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New Technology May Lead To Light- And Heat-Sensitive Tent
The tent we're all familiar with from camping trips may soon be old tech thanks to a new material designed by a team of Harvard scientists.
Researchers at the Wyss Institute for Biologically Inspired Engineering have announced in a press release that they've developed a flexible material that can shed or retain moisture, and turn from opaque to transparent.
You can see how it works in the image below. The material is a liquid-repellent film that coats, and is infused in, an elastic porous backing. Normally the surface is flat and will shed water, but when the backing is stretched it changes the size of the pores, causing the surface to become rough and retain droplets.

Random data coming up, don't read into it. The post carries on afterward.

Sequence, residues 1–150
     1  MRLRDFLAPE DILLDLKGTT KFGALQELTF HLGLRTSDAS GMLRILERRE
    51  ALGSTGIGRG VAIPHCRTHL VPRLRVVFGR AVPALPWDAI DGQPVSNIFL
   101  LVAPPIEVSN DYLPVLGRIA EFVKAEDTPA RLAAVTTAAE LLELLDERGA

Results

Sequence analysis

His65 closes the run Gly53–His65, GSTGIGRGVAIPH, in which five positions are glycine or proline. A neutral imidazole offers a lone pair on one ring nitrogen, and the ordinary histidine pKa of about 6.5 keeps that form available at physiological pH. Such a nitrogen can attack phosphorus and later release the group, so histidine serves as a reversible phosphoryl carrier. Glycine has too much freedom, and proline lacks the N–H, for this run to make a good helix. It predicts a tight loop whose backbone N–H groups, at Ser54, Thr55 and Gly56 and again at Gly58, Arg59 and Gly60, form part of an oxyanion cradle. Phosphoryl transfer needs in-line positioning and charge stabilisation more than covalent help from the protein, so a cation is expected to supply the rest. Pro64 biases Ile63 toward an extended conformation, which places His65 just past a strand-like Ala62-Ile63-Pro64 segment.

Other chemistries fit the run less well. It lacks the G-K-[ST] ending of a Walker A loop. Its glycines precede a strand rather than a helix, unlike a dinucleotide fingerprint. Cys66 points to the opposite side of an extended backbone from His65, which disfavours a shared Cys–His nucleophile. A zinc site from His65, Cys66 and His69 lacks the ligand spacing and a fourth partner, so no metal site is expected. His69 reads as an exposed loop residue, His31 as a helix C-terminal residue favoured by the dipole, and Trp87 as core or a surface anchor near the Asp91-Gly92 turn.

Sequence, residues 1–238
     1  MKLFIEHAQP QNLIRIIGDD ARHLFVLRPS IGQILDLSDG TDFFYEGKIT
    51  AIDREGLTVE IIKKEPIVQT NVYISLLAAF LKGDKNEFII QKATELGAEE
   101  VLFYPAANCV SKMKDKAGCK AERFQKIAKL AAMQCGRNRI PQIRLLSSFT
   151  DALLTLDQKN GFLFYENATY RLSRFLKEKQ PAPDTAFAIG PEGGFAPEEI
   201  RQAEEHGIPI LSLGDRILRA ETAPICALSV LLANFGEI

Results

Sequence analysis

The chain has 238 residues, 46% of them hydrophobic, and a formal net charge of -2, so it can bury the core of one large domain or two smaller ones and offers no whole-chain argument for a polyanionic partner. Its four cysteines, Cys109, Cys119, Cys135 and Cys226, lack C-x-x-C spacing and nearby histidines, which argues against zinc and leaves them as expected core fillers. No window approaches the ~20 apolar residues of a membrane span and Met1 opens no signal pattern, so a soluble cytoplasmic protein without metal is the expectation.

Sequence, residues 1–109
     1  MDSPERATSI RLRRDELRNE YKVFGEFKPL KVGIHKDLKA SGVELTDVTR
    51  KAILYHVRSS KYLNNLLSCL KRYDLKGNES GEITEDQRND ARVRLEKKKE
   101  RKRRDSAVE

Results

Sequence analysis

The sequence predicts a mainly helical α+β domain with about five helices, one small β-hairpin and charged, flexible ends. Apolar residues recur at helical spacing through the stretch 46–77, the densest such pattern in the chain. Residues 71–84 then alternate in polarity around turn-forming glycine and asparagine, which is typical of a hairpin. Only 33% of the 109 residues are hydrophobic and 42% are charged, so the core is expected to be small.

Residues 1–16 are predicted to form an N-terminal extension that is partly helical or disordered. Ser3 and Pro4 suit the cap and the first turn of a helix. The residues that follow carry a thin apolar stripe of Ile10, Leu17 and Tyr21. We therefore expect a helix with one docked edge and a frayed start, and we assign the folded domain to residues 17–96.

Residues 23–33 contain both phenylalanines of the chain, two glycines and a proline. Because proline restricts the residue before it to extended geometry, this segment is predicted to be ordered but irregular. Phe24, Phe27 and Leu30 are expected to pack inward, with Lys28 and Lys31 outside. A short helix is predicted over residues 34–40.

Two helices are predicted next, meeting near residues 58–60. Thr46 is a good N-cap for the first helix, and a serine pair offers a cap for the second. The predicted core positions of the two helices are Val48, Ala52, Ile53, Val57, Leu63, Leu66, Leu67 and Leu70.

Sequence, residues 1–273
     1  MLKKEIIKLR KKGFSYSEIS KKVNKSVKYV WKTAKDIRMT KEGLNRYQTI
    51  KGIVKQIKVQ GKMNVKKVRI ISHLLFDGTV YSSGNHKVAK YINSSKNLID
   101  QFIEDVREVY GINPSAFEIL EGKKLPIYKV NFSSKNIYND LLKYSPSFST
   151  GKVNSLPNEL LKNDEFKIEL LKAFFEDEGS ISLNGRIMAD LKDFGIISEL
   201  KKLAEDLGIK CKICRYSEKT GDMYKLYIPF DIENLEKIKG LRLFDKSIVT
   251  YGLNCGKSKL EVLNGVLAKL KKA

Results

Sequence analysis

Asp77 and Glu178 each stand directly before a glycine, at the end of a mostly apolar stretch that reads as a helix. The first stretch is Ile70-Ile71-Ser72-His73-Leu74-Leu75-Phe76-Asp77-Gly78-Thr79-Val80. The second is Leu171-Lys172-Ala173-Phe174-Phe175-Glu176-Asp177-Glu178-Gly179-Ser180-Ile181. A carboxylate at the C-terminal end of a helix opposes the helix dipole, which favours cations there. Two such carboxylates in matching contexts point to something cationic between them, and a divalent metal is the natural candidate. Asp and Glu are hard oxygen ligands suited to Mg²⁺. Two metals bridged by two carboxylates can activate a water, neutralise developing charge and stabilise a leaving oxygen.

In its normal state the material is transparent, but when stretched it becomes opaque. The material could be used to make a tent that blocks light on a dry and sunny day, and becomes transparent and water-repellent on a dim, rainy day.
The material may also be used in products as diverse as contact lenses and water pipes.
Researchers were inspired by the function of tears, which block materials from damaging the eye, and flush out these materials, yet remain transparent. Such inspiration is typical of work at the Wyss Institute, which looks to nature to find solutions to technological problems.
Top image courtesy Krish Dulal. Bottom image courtesy Harvard University.